Four men trapped under 10 feet of bricks, mud and other debris were rescued in Nepal thanks to a heartbeat detection device developed by NASA and the Department of Homeland Security. The search-and-rescue technology called FINDER (Finding Individuals for Disaster and Emergency Response) uses a microwave-radar detector the size of a suitcase.
Following the April 25 earthquake, two prototype FINDERs were deployed to Nepal.
“The true test of any technology is how well it works in a real-life operational setting,” said DHS Under Secretary for Science and Technology Dr. Reginald Brothers.
The men had been trapped beneath the rubble for days in the hard-hit village of Chautara when the FINDER was turned over to a team of international rescuers from China, the Netherlands, Belgium and members of the Nepali Army. Using FINDER, they were able to detect two heartbeats beneath each of two different collapsed structures, allowing the rescue workers to find and save the men.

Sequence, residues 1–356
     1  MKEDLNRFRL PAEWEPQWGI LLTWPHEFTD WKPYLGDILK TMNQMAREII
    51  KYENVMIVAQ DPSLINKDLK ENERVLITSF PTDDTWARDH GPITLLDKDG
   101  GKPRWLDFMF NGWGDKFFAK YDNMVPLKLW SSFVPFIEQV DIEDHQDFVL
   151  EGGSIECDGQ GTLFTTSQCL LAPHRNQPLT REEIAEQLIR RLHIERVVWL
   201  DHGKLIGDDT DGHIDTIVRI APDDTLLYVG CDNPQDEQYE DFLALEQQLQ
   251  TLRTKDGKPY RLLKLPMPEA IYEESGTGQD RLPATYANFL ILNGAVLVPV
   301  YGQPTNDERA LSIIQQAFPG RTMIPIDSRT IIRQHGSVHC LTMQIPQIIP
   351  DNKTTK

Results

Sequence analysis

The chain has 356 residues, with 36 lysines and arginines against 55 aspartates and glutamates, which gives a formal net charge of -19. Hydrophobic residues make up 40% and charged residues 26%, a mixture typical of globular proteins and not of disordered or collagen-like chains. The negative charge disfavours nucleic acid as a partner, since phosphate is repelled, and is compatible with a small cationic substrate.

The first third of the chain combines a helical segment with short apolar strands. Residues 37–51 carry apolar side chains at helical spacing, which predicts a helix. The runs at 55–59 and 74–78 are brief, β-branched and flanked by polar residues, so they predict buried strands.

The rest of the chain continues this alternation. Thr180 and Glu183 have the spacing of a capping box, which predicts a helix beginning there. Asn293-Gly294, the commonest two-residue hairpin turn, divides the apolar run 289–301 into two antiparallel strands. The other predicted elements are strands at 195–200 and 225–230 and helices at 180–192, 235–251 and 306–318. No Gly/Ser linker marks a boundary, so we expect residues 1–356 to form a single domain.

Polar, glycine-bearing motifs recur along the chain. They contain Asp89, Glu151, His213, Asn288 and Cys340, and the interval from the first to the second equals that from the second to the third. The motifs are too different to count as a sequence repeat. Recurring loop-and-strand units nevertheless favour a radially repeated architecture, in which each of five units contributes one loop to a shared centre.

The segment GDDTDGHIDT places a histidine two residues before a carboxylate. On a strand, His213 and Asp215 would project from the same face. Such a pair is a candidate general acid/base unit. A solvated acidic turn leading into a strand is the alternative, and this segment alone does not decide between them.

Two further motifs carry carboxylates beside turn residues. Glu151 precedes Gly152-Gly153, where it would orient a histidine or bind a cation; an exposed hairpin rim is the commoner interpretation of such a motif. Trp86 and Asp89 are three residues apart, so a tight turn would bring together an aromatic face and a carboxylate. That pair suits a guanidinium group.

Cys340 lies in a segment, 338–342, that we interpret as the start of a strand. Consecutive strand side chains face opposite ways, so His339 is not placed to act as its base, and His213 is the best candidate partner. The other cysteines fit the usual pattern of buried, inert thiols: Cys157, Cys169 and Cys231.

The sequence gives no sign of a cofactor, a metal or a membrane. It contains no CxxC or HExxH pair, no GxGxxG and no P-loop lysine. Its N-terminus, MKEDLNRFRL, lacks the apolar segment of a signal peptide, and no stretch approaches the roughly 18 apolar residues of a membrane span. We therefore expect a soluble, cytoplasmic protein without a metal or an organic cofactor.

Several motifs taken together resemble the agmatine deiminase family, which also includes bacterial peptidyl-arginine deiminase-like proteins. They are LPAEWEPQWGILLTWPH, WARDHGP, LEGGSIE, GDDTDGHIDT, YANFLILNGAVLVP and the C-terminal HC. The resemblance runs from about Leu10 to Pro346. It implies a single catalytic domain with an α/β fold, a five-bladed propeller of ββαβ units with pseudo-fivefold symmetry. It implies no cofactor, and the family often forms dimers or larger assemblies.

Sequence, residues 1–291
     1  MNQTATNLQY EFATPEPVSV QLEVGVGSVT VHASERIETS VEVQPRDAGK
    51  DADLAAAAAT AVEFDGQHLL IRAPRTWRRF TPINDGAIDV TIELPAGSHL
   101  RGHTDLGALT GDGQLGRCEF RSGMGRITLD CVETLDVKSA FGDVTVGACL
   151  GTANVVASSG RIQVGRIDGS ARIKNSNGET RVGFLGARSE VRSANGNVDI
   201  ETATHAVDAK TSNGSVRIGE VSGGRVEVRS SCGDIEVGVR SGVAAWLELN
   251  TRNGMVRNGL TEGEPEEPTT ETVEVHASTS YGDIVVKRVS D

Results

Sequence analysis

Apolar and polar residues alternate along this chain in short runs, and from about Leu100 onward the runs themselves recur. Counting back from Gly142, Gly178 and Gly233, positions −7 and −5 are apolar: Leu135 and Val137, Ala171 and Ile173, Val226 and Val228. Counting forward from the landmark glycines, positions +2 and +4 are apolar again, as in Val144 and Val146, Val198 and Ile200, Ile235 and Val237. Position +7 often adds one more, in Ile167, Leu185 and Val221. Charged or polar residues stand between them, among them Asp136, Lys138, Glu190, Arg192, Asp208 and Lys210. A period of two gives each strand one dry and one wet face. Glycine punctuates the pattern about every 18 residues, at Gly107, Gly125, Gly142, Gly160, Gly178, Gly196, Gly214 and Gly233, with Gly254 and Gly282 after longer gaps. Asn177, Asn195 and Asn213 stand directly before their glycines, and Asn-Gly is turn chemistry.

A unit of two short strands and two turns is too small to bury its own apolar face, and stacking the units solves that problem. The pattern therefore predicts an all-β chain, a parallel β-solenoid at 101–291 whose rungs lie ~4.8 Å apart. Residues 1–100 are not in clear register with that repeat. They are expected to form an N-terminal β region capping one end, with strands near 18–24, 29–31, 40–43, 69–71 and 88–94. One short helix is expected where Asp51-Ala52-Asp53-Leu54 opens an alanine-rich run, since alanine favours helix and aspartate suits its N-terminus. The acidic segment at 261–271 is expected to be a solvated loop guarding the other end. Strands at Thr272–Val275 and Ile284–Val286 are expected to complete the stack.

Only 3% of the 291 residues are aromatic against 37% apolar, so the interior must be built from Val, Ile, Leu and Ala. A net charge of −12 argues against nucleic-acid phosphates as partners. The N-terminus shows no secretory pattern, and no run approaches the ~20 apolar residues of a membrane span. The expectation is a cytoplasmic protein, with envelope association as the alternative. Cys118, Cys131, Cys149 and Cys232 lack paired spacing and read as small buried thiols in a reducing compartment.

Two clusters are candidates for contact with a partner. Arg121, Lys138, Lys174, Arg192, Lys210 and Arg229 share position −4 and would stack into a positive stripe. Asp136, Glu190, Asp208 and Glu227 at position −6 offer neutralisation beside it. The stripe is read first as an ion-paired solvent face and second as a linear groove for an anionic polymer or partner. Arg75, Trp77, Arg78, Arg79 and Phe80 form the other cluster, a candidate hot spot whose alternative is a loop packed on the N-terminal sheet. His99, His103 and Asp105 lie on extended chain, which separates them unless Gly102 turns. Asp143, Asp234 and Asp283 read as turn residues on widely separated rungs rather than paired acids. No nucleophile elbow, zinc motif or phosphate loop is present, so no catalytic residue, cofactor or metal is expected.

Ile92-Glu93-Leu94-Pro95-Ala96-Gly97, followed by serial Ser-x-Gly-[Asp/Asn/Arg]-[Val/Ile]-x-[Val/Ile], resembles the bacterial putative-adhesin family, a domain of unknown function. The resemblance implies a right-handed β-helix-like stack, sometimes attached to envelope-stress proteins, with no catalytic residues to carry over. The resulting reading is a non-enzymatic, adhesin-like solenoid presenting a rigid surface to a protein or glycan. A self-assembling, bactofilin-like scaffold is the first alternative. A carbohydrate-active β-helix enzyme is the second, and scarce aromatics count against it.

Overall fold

“FINDER exemplifies how technology designed for space exploration has profound impacts to life on Earth,” said Dr. David Miller, NASA’s chief technologist in Washington, DC.
It has previously demonstrated capabilities of detecting people buried under up to 30 feet of rubble, hidden behind 20 feet of solid concrete, and from a distant of 100 feet in open spaces. A new “locator” feature has since been added to not only provide search and rescue responders with confirmation of a heartbeat, but also the approximate location of trapped individuals within about five feet, depending on the type of rubble.
Source: Jet Propulsion Lab / Story tip from carilyn